History of the Alum Mines at Saltwick Bay

History of the Alum Mines at Saltwick Bay

At Saltwick Bay in 1649 Alum for first quarried here, this was all down to Sir Hugh Chomley. Alum was mined here off the coast on and off until it ceased in 1791.1673 was the year a licence was granted for a harbour to be built at Saltwick Bay rather than transporting it out from quay in Whitby town. In 1770 an alum house was put up on the south east side of the Saltwick Nab quarries. Previous to this all the alum was transported north to the South Shields area for processing. But with the new alum house this could all be done close to the mines. 

As you can see from the picture above, you can still see where the harbour was built to transport the alum from the mines out to the waiting boats to transfer the alum around the country. On some parts of the coastline you can see where the burnt shale is which is dark red in colour. in some areas the beach has more of a red tinge to it as it is made up of ground up, burnt alum shale. 

In this picture you can see what experts think is a ramp from the alum mines out towards the sea so that carts could move off the nab to off load the alum shale onto the waiting boats. Lots of holiday makers head on down to the beach here at Saltwick Bay to look for fossils which due to the Alum mining has brought them to the surface. Otherwise they would of stayed hidden deep in the cliffs.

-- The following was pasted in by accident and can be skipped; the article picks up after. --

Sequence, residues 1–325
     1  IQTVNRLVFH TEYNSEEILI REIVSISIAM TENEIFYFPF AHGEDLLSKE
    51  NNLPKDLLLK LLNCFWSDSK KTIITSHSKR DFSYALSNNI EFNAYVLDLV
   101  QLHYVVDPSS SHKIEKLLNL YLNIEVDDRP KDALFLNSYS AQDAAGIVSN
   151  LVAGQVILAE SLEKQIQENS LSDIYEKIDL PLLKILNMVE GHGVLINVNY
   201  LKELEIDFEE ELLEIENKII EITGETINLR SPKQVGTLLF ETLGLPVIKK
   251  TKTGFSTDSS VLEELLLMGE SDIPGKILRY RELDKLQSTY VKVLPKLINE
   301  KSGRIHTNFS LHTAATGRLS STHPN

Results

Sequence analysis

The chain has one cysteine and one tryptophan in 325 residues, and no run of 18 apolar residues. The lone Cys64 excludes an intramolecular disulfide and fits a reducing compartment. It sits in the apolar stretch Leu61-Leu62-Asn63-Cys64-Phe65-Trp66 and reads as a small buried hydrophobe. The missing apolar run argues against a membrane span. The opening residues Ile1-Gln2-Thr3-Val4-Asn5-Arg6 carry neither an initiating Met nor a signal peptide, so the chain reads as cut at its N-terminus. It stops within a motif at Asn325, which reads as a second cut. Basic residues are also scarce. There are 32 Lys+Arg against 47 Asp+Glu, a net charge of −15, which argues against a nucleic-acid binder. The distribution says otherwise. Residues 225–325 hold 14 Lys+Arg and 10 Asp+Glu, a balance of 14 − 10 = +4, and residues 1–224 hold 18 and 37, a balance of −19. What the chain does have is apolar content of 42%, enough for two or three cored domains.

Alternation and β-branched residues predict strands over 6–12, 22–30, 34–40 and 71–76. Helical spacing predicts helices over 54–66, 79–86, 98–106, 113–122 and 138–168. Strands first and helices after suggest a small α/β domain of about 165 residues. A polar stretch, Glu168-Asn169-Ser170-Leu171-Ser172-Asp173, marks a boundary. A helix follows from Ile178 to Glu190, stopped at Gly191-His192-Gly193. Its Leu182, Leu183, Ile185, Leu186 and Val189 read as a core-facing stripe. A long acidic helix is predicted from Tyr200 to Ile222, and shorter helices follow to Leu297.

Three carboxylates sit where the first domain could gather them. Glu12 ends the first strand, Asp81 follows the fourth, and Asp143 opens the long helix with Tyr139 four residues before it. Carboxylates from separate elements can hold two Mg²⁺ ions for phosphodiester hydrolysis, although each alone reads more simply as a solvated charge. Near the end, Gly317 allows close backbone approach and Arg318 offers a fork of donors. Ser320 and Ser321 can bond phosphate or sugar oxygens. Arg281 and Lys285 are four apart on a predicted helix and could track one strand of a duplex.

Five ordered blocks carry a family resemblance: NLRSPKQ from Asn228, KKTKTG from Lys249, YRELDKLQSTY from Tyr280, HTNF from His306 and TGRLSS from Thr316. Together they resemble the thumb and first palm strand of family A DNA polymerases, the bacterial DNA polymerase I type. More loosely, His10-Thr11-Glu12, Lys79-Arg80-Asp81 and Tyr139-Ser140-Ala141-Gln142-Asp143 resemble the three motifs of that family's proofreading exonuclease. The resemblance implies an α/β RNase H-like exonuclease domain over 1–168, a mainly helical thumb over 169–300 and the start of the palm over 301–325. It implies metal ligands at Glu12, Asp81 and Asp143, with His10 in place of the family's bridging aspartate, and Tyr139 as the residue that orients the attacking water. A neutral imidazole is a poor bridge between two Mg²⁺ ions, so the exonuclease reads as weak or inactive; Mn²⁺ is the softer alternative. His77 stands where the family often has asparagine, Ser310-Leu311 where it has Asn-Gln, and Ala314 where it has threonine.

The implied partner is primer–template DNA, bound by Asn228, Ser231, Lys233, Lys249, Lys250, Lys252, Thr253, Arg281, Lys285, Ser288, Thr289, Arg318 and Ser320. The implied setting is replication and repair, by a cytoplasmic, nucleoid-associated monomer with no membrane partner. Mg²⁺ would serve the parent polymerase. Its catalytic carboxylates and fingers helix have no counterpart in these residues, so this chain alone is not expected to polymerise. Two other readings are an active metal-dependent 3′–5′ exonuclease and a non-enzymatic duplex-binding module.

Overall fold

It was all down to Sir Chomley who noticed on a trip to Italy where Britain imported Alum (a colour fixative for clothing) from that the leaves on the trees were discoloured just like the ones near his home in Guisborough. He came back to England with some Italian workers who had vast knowledge in the mining of Alum. This was how the alum mines came about in Whitby and the surrounding area, and this helped to build the growth of this industry in England.

This is a typical view of the coast along Whitby and the surrounding area as these were the way into the mines. There is a myth that these were pirate holes where they kept their treasure, but this is a story to tell another time!

So when you come on your holidays to Whitby Holiday Park and you decide to have a family day at the beach and go fossil hunting, just remember that this lovely coastline was used for many other purposes than just sunbathing and hunting for crabs in the rockpools!

If you find some fossils or you see a cave sized hole in the cliff face, please take a picture and bring it into the Reception where we are then display it on our boards in the Family Club.


No comments

Note: only a member of this blog may post a comment.